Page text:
Café Culture Part 2: 3Cs@WBC, Witnesham Baptist Church

Café Culture Part 2: 3Cs@WBC, Witnesham Baptist Church

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 Witnesham Baptist Church is a Rural Ministries partner located in a small linear village to the north of Ipswich. The community, while still having a pub, lacks a gathering point. When the post office closed, it left the village devoid of any community enterprises apart from its two churches. The parish church is located up a singletrack side road, so a little isolated, whilst the baptist church is on the main (and only) through road. Rather than lamenting the post office’s closure, the baptist church decided to offer its building to host an outreach post office from Ipswich for two half days per week.

For a while, the church provided tea and biscuits to the users of the post office in the adjoining hall, but over time fewer people wanted to come through. So the church took a bold decision and closed what was advertised as a free café. Then, in October 2018, the church relaunched two activities: a monthly craft meeting called ‘Tuesday Craft Corner’ and a weekly café called ‘3C@WBC’. The 3C stand for coffee, cake and conversation. The location for this was moved from the back hall into the lighter, airier main ‘sanctuary.’ Comfortable chairs were arranged and table cloths put on each table to create a more hospitable space.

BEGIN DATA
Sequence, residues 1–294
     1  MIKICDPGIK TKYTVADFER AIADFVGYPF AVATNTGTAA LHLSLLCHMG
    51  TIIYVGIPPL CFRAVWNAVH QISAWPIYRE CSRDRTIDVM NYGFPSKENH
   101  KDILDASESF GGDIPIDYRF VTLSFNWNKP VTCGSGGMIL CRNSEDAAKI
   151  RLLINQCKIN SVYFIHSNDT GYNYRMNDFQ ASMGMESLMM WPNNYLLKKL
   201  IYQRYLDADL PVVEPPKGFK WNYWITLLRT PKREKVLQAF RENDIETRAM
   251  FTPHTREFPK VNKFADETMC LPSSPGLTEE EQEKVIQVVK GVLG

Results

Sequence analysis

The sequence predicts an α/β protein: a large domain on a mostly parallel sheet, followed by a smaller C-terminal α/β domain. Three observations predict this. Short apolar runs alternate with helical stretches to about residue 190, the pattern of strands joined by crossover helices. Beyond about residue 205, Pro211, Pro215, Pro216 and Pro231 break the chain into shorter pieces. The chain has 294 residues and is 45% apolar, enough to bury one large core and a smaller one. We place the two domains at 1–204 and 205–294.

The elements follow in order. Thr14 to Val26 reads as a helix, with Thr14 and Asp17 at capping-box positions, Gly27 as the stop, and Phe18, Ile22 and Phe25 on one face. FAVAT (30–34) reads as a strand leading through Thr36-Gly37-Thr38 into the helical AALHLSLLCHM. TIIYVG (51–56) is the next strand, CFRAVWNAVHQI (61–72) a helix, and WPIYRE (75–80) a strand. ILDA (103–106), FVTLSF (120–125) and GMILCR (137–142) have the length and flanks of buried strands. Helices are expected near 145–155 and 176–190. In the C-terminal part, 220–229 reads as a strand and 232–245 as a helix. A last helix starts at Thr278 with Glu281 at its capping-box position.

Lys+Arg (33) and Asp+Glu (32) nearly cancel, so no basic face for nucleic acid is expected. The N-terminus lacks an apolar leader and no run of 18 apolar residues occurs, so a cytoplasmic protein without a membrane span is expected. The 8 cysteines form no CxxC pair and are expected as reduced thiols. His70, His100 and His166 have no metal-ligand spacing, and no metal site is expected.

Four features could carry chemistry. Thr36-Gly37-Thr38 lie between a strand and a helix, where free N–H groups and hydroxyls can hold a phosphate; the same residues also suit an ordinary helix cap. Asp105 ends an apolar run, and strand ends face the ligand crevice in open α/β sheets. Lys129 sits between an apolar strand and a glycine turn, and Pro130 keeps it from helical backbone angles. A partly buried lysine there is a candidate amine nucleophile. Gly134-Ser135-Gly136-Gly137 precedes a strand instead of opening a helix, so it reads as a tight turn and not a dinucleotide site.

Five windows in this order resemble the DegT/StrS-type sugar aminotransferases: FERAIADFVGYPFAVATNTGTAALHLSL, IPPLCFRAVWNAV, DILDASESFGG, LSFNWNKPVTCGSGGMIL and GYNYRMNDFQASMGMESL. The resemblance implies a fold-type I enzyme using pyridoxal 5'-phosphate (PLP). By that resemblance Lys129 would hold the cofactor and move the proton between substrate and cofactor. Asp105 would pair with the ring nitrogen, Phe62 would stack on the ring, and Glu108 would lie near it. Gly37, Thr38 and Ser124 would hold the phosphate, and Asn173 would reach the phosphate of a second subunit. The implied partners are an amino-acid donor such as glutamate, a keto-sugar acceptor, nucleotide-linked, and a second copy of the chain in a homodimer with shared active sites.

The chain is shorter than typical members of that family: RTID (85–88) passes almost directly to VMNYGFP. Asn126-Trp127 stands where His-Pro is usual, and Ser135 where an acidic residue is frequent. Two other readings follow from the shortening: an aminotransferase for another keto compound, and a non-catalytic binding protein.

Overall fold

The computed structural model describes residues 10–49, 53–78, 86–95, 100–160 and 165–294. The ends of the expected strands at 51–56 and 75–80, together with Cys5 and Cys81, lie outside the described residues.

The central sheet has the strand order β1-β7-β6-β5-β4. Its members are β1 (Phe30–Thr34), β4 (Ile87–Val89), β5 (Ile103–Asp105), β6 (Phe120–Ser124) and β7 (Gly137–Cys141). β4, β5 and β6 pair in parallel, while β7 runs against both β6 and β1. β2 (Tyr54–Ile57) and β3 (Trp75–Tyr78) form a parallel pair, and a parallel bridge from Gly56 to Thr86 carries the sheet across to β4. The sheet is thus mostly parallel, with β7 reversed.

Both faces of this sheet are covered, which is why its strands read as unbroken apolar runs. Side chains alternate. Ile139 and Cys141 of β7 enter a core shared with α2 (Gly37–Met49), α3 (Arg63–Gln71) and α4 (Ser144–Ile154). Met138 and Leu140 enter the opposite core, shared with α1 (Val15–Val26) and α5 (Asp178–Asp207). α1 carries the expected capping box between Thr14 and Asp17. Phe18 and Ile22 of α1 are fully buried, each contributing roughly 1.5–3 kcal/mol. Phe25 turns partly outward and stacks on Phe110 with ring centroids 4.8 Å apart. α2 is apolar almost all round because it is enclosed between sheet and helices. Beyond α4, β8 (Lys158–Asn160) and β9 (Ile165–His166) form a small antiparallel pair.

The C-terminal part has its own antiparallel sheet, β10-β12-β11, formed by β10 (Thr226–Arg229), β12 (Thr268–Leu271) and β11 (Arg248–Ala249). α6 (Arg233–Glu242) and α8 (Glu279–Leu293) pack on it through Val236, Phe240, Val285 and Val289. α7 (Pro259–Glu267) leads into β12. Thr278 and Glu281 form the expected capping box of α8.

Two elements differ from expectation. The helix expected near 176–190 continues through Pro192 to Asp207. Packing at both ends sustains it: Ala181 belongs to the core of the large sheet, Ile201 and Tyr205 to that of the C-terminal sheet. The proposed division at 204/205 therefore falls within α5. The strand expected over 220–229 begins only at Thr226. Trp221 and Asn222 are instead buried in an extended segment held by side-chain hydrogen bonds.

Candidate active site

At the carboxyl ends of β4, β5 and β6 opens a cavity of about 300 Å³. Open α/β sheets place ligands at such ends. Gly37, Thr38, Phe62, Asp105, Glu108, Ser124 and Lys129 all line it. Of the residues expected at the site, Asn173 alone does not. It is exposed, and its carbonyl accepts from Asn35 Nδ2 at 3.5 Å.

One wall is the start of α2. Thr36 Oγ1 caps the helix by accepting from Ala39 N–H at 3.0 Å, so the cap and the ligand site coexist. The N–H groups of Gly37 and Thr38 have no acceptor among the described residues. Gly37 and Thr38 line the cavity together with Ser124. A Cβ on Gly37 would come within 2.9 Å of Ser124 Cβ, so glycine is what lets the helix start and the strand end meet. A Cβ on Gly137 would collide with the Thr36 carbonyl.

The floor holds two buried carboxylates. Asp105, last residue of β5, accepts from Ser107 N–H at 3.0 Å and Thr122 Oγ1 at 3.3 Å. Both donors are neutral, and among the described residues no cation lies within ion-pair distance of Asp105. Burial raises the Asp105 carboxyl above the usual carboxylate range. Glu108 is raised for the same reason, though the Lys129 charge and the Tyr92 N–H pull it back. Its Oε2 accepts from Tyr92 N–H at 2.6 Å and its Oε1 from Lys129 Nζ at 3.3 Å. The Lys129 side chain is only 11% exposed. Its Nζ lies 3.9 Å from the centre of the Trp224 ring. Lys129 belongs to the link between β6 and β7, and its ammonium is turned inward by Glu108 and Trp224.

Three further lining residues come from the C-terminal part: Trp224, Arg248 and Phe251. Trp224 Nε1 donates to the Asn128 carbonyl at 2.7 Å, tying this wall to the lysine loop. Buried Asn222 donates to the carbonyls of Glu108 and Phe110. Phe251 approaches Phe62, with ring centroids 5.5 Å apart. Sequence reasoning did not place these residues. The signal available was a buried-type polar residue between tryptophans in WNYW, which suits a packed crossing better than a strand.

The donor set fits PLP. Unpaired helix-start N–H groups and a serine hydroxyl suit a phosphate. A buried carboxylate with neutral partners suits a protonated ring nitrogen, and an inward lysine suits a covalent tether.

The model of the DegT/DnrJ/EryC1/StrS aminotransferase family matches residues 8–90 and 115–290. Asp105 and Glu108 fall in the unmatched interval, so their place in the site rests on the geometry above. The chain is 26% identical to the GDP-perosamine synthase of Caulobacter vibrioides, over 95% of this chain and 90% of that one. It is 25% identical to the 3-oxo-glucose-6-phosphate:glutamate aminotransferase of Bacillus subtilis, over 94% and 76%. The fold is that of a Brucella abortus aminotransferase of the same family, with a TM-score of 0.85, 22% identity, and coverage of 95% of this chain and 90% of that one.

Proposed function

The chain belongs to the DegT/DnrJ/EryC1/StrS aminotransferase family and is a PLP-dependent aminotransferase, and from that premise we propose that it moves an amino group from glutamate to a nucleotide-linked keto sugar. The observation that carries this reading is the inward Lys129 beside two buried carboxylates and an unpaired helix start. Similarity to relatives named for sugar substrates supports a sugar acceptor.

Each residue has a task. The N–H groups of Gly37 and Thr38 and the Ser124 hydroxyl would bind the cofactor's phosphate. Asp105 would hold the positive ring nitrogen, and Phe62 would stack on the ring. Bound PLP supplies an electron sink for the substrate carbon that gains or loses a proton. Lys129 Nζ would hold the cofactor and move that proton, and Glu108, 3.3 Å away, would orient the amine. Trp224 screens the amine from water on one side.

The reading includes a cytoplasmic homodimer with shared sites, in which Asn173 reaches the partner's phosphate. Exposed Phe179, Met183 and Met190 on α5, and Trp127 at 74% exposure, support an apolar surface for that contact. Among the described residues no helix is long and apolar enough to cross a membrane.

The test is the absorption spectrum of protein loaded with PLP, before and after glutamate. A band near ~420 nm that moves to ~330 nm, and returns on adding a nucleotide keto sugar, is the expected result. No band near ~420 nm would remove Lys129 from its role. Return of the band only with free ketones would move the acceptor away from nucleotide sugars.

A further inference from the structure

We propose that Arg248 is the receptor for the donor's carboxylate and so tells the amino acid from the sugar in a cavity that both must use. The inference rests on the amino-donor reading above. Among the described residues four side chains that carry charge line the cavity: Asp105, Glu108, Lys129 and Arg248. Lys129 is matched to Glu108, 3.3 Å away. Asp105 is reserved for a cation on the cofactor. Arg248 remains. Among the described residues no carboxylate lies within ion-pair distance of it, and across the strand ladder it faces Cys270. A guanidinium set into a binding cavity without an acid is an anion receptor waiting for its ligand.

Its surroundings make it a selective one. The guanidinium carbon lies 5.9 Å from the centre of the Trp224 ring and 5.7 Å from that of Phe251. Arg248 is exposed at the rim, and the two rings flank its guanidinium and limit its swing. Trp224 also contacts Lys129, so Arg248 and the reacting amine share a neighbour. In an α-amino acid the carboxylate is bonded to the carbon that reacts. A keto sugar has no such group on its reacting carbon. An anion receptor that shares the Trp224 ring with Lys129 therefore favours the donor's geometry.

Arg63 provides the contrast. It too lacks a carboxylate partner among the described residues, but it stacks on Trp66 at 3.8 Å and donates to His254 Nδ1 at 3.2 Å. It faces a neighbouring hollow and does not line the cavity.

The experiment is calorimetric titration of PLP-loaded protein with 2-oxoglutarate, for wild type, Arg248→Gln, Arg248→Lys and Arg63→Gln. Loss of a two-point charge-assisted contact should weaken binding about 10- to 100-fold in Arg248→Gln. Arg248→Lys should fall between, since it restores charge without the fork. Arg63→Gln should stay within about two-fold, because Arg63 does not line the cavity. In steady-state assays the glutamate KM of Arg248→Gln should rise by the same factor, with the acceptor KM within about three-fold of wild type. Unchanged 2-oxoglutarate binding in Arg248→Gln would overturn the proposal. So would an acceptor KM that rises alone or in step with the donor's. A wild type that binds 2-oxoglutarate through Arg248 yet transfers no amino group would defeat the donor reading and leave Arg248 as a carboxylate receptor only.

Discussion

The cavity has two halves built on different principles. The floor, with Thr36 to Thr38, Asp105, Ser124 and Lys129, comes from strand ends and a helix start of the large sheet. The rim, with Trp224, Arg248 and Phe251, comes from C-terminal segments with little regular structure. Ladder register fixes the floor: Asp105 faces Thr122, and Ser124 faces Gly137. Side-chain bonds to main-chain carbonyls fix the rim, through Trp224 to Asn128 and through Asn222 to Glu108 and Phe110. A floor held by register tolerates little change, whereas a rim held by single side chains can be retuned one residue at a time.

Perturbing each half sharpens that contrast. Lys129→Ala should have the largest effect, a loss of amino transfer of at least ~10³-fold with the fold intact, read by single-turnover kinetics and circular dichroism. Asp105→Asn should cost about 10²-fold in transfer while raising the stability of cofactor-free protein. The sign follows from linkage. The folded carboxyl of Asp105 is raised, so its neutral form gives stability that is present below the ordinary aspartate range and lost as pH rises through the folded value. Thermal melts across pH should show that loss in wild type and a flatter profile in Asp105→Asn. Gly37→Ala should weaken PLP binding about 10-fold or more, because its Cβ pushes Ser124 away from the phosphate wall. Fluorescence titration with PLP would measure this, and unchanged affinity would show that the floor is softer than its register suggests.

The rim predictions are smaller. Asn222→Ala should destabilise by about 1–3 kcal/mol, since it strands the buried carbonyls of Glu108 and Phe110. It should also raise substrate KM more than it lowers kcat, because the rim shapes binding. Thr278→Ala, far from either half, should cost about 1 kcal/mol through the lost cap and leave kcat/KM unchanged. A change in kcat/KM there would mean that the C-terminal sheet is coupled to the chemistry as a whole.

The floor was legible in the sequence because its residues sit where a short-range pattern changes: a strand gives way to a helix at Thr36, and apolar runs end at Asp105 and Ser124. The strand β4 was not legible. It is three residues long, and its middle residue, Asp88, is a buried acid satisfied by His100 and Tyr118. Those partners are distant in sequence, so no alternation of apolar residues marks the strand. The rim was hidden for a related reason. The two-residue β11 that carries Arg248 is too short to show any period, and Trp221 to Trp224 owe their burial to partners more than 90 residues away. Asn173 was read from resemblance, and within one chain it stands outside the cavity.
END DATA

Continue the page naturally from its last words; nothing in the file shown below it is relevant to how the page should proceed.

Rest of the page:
A handful of people attend the Craft Corner, but the new café attracts up to 15 people – a mixture of those from the church, those using the post office and those just passing. The church provides proper filter coffee, a selection of teas, savoury scones, homemade bread and cake, all for a small donation.

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It was previously thought that offering free tea and coffee was helpful, but we believe that it actually put people off coming in. The new donationbased system seems to be far more popular. Those who attend 3C @ WBC enjoy playing a variety of board games as well as engaging in general conversations. Andrew Croft, the minister of Witnesham Baptist, observes, “As we meet and chat with folk, we are building up relationships with them, letting them know we are interested in and care about them. We believe it is important to be visually at the centre of the community and have sought a number of folk to invite into the building. We recently removed four large elm trees that were obscuring the chapel, so that we are now visible from the road, as well as letting in more light to the building.

“The café and craft club are part of our programme of community activities that includes a weekly Mums & Toddlers group, which uses the whole building. We believe the church is an important place for worship of our Lord, but also a space to offer welcome and support. We seek to share the love of God in practical action as we build relationships.”